New guy here!
Hello everyone, I am new to the hobby and this is my first tank. I have wanted one for some time and as I recently graduated college and am living in a "real person" apartment it was finally feasible. I currently have a cat and had kept reptiles for some years before with much success. I am a law student living in Philadelphia.
A little about my setup
My girlfriend bought the setup for me as a birthday present so I didn't have too much say over my equipment.
The tank is a combo pack which came with the tank, hood, light, filter, thermometer, and heater. The tank is a tropical freshwater community tank. The plants are artificial.
Tank: 29 Gal
Filter: Aqueon (not sure if 20 or 30, all I know is that it was "rated" for the tank that I have)
Heater: Not sure the exact specification but as I live in Philadelphia our temperature doesn't fluctuate unreasonably and our apartment is always between 68-73 so the heater I have does the job.
Thermometer: Regent Sticky
Testing Kit: Tetra Easy Strips
Food: Aqueon Tropical Flakes
I also have a 29 Gal tank stand that I keep it on.
Currently I have 5 Green Cobra Guppies.
Plans for future stocking
I plan on getting a decent sized school of either Harlequin Rasboras or Silver Hatchetfish.
I also would like to have a few inverts. Shrimp and Snails. I'd prefer to under stock rather than be over/at capacity.
Here is where things get dicey. I did limited research on cycling (I know, I should have done all of my homework before rushing in to a major decision like this) I knew that I had to cycle my tank, but I didn't know what it was or much about it, so before I found this site, I did some research and learned about the cycle of ammonia and bacteria.
Armed with information I went to my LFS to ask for help/suggestions. I planned on fishless cycling. While I was there I asked for pure ammonia so I could begin to cycle my tank.The employee at the store told me that was unnecessary and directed me to a product called "Tetra Safestart" she told me that it would cycle the tank in days and make it compatible for fish. Too good to be true I thought, especially after reading that the process could take anywhere from a few weeks to a month or more. After reading some encouraging reviews about "Safestart" I decided to give it a shot. I followed the directions and after three days my Nitrate was within a safe level, my nitrites were 0 and my ammonia was around 0 (I thought it was 0 but I misread the testing strip. More on that in a minute) I was recommended by my LFS that 5 Green Cobra Guppies were a good hardy fish to start with so I went home and got them acclimated to the tank. After re-reading the strip I realized that the color was closer to .5 ammonia rather than 0.
So far the fish all seem to be happy and healthy. I have been feeding them sparingly and testing the water every day. I do not like the strips I have and I find them difficult to read, I might be slightly colorblind I have found out. I ordered today an API master test kit, and a glass thermometer because the Regent is wildly inaccurate in my opinion.
I am aware that if my Ammonia levels or nitrites start to rise, than I need to do a 25% or possibly larger water change. I am committed to do what I have to in order to keep my little Guppy buddies alive. Hopefully the cycling process won't be too hard on them.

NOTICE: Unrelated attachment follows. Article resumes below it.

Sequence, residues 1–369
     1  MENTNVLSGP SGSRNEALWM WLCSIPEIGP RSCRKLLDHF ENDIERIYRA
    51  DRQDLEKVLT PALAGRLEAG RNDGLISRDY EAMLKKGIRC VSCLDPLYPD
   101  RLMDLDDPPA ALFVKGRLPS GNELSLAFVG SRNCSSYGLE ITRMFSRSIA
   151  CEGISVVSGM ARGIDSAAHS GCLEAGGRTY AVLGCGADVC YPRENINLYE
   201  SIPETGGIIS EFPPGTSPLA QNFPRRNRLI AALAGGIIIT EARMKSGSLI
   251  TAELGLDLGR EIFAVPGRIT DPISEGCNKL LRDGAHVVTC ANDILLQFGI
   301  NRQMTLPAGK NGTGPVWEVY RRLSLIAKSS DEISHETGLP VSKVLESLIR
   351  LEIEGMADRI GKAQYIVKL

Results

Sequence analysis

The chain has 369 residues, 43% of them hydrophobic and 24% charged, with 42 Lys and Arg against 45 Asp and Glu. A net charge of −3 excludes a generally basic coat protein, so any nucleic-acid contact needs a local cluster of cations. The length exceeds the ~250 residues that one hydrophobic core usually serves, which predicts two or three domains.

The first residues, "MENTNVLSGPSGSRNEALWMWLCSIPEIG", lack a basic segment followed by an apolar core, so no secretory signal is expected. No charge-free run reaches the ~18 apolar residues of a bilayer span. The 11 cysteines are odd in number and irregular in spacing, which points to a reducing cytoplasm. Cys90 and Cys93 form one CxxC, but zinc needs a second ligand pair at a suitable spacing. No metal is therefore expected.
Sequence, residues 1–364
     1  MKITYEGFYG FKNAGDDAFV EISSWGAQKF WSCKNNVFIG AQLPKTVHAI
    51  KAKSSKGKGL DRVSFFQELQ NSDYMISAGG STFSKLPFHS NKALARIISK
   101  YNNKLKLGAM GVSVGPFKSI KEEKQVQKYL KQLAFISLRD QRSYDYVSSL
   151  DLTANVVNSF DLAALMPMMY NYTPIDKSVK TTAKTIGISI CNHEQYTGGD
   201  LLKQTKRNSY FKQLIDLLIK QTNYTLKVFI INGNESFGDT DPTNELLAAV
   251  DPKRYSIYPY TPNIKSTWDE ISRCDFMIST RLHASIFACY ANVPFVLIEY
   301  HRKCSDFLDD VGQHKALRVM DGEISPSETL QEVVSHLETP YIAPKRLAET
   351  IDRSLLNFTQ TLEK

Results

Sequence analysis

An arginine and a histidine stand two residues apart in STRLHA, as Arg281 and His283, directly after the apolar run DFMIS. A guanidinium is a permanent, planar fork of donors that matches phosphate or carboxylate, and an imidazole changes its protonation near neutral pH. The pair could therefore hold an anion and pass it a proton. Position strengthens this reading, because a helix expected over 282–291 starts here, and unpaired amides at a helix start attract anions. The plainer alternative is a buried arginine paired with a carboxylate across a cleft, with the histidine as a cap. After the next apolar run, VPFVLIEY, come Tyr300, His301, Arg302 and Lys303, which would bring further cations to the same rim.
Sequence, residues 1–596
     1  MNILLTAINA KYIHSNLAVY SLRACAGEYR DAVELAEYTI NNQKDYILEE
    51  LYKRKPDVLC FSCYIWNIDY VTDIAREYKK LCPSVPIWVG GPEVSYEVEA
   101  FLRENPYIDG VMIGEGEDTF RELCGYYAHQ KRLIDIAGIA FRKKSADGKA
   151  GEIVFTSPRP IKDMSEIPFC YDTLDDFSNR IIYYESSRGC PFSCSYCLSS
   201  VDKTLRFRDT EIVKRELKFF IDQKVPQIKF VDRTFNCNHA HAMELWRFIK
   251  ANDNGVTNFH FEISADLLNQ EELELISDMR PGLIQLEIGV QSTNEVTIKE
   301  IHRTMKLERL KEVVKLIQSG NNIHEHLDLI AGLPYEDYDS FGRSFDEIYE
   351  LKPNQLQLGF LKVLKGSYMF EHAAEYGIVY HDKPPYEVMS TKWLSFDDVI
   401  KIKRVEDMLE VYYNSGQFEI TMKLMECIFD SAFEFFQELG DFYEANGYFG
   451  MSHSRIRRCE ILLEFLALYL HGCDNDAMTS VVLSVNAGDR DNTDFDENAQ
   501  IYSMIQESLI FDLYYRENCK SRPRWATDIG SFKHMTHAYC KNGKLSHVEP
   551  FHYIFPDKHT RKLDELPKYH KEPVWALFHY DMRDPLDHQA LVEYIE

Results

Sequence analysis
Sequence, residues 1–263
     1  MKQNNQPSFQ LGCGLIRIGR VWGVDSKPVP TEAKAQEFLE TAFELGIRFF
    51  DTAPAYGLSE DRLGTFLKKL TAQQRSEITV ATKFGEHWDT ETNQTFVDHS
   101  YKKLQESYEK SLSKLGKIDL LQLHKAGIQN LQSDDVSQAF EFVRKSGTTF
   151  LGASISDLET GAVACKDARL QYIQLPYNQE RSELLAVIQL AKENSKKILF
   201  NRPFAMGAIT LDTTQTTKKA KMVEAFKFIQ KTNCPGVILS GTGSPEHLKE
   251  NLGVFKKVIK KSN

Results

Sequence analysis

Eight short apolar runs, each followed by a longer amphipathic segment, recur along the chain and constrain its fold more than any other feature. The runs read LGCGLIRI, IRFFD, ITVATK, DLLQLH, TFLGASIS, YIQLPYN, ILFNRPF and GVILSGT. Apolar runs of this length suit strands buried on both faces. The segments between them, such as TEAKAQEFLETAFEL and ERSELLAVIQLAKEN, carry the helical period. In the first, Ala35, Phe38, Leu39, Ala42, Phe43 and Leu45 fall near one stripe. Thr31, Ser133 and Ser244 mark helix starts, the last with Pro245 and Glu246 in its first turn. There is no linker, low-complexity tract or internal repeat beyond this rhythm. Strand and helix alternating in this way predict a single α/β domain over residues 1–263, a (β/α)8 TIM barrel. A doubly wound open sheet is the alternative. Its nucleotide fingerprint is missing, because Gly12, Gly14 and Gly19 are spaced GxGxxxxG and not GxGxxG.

After cycling is complete I plan on upgrading my filter to an Aquaclear 70 HOB filter.
I am open to any criticisms, questions, and most importantly suggestions and advice. I look forward to becoming an active member of the community. I hope this was not too long or in depth. Sorry for the poor quality of the photos, they are cell phone pics.
Seems you are doing things right although Fish in cycle does take longer. The strips are rubbish so you will be able to get a much more accurate reading with the API kit. Keep up the good work and dont be afraid to ask any questions
1) 140 gallon with 70 gallon sump. 1 German Rams, 50 neons , 16 Schwarzi cory, 10 harlequin rasbora, 6 Hengals Rasbora, 2 Bulldog Plecs, 4x dwarf Gouramis, 12 golden barbs, 12 cherry barbs,8 Yellow Boesemani Rainbows and loads of assasin snails. Sump has central heating pump. water flows through a 4 layer foam and 1- 2kg of bio, also has a 18"x 18" algae scrubber that works well. fluval U2 to transfer to my QT when needed
25 Gal - Tropical
Custom made Wet/Dry/Sump Filter System, AquaClear 20 Powerhead, RenaCal Excel 300 Heater, artificial plants
- 6 Blackskirt Tetras, 4 Red Wag Platy's, 2 Silver Hatchet's, German Blue Ram, Bulldog Pleco, 2 assassin snails.
"Plans go wrong for lack of advice; many advisers bring success." King Solomon.
Pictures of my 10 Gal Sump Filtration project
Perfection is not attainable, but if we chase perfection we can catch excellence.
Once you learn to quit, it becomes a habit. -Vince Lombardi
“Be more concerned with your character than your reputation, because your character is what you really are, while your reputation is merely what others think you are.” ― John Wooden
Sandy Hook Elementary......Lest We Forget
It looks like you've read up a bit before jumping in - which is better than most. Good job.
I've had some success with beneficial bacteria products as well, but I do believe it's always better to be safe than sorry.
One thing to keep in mind with hatchets is that they WILL jump out if they get the chance. You will want to make sure the hood is extremely secure (no spaces) and may want to get floating plants so they will be more comfortable. A piece of wire or fishing line near the surface can hold whatever plants you choose out of the way of the filter flow.
I also agree with scotch, a testing kit would be much better.
The tank looks very nice. Congrats and good luck with the new setup!
Shrimp and snail junkie... What can I say, I like the little things in life.